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Gilani hits out at powerful army; expresses fears of ouster

Last updated on: December 22, 2011 20:44 IST

Gilani hits out at powerful army; expresses fears of ouster

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Pakistan Premier Yousuf Raza Gilani on Thursday in an unprecedented tongue-lashing against the powerful military said it is "unacceptable" if the army "considers itself a State within State" and warned that "conspiracies" are being hatched to "pack up" his government.

Prime Minister Gilani also strongly criticised the army for failing to detect Osama bin Laden's presence in the country and said government firmly stood with the institutions and fully protected them after the 2008 Mumbai attacks.

Addressing an official function organised to commemorate the birth anniversary of Pakistan's founder Muhammad Ali Jinnah, Gilani said, "I want to make it clear today that there are intrigues and conspiracies going on and the conspiracy is to pack up the elected government."

"I want to tell them that whether we are in government or opposition or among the people, we will fight for the rights of the people of Pakistan," he said without naming those who were behind the conspiracies.

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Image: File image of Pakistani PM Gilani with army chief Kayani during a function in Islamabad
Photographs: Reuters

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'Nobody can say they are not under the government'

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People will have to decide whether they want "elected people or a dictatorship", he added as talk of a rift between his government and the military gathers pace.

The premier made a veiled reference to the differences between his government and the army, saying "no institution can be a state within a state".

"Nobody can say they are not under the government. Every institution of this country, including the ministry of defence, is under the prime minister. There should be no ambiguity that anybody can claim that I am independent...If any individual thinks they are not under the government, they are mistaken."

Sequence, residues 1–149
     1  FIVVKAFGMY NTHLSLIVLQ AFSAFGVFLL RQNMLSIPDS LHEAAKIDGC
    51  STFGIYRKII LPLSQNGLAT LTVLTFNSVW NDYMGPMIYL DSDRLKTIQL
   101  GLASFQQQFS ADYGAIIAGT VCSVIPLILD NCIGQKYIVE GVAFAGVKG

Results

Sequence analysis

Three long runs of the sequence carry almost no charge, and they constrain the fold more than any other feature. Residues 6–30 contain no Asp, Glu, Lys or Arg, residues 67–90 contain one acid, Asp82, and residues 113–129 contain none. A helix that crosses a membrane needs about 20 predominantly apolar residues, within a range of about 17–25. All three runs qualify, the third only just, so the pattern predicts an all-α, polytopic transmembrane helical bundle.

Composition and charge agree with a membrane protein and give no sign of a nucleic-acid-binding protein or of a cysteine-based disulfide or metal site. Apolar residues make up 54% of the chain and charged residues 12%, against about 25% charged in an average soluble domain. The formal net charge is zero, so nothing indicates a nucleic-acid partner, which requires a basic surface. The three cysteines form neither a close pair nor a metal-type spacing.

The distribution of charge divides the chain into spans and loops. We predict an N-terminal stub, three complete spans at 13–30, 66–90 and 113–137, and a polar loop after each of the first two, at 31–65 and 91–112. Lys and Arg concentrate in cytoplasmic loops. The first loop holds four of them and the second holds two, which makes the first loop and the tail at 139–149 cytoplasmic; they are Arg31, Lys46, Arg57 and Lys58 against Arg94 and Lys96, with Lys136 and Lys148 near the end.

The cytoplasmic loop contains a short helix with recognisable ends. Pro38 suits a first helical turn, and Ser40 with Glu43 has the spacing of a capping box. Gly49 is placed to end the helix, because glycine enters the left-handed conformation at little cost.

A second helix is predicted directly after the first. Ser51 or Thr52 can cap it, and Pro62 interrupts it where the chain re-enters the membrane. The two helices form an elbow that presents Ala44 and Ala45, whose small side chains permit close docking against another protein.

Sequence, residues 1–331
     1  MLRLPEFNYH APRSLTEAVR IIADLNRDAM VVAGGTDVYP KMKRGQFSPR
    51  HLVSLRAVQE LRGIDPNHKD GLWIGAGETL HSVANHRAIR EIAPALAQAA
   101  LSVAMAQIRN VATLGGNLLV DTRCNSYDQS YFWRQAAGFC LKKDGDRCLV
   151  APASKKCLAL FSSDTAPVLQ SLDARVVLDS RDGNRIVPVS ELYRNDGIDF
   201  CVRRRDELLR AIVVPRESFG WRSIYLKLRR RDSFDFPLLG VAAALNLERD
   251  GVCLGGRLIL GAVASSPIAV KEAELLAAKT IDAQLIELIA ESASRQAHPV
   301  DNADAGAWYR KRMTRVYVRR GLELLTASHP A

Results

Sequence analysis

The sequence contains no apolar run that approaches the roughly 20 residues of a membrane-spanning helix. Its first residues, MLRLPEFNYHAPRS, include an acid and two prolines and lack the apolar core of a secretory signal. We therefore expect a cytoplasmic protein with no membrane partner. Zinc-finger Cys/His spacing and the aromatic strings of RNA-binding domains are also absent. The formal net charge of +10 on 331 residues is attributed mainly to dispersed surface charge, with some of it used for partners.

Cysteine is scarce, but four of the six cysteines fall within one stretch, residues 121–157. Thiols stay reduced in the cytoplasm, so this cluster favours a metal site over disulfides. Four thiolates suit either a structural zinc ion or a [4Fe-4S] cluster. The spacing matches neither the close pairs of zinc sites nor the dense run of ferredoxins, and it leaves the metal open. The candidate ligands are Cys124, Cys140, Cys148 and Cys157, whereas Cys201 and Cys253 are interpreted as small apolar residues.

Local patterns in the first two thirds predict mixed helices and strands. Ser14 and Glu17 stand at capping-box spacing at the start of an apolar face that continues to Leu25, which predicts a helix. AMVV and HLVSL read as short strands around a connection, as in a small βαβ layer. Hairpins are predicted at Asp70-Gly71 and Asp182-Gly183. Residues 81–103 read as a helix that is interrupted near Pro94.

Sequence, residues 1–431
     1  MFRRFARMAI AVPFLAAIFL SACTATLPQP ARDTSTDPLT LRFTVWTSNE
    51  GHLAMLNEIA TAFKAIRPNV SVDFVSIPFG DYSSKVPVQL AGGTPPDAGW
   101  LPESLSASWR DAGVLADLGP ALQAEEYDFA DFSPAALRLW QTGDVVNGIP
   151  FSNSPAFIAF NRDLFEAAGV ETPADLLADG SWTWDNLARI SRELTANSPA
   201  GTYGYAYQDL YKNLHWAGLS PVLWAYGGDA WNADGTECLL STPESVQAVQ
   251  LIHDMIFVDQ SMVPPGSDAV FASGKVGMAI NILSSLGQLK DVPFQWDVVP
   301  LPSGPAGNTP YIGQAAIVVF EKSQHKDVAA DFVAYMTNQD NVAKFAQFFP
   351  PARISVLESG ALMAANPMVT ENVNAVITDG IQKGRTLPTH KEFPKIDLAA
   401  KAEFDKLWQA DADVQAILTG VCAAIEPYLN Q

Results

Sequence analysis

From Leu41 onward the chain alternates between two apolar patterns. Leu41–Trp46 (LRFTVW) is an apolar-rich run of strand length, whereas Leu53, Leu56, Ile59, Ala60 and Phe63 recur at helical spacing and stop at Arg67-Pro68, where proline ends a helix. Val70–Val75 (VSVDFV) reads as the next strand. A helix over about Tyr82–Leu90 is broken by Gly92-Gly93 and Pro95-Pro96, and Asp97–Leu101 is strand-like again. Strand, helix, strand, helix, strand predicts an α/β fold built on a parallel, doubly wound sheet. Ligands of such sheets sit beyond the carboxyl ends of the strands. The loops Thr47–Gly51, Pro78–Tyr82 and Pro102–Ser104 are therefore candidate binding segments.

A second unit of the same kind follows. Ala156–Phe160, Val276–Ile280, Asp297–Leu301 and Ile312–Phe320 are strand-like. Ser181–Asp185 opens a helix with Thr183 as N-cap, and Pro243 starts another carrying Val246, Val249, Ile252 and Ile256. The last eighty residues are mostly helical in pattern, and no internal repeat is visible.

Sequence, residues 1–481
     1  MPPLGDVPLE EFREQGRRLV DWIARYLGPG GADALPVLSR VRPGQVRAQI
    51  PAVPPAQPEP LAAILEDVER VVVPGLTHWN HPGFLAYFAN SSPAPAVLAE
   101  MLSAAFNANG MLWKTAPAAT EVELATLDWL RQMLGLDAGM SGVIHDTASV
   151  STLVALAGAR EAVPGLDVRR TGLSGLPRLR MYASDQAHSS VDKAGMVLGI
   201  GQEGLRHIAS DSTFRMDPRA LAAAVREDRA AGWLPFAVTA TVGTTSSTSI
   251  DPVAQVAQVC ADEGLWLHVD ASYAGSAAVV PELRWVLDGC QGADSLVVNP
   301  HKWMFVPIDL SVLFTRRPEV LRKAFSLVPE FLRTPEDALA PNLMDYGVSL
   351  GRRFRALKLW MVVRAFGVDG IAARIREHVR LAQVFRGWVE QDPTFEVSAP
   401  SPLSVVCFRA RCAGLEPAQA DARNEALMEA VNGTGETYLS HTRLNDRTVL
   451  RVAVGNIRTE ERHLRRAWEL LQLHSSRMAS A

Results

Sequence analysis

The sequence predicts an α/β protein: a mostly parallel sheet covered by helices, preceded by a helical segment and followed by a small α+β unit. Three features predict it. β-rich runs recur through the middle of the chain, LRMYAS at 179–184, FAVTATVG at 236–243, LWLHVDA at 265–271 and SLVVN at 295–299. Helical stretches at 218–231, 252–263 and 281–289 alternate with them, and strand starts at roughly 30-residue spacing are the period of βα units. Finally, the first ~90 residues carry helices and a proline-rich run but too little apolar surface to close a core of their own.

"They are under the government and will remain under the government because we are the elected, chosen representatives of the people of Pakistan," he added.

Speaking later in the national assembly or lower house of Parliament, Gilani further criticised Pakistan's security establishment.

Prime minister's unusual remarks came in the backdrop of tensions between the civilian government and the powerful military over the memogate scandal.

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Image: Pakistan PM Gilani
Photographs: Reuters

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'If Army considers itself State within State, it is unacceptable'

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Responding to a point of order of Leader of the Opposition Choudhary Nisar Ali Khan regarding reply of the defence ministry to the Supreme Court that the army and the Inter-Services Intelligence are not subordinate to the ministry, the prime minister said, "If the Army considers itself a State within State, then it is unacceptable," Pakistan's state-run APP news agency reported.

"If they (army) say that they are not under the ministry of defence, then we should get out of this slavery, then this Parliament has no importance, this system has no importance, then you are not sovereign," Gilani said.

Referring to questions being asked in some quarters about visas issued by the government to United States security personnel, Gilani told lawmakers, "We want to ask which visa did he (bin Laden) use to come (to Pakistan)? How he entered Pakistan? That was the cause for which Parliament passed a resolution, why the security was not taken care of."

Gilani, who appeared exasperated, told Parliament that his government had stood by the security establishment when it faced American pressure over bin Laden's presence in Pakistan, last month's NATO air strike and the 2008 Mumbai attacks.

"In the worst circumstances we doubled their salaries. They have to be accountable to Parliament," he said. The differences between the government and the military are linked to the Memogate scandal.

The army and the ISI have urged the Supreme Court to conduct a probe into the alleged memo made public by Pakistani-American businessman Mansoor Ijaz that had sought US help to prevent a feared coup in Pakistan after the killing of bin Laden.


Image: File picture of Pakistan army chief Kayani meeting soldiers in an undisclosed location in that country
Photographs: Reuters

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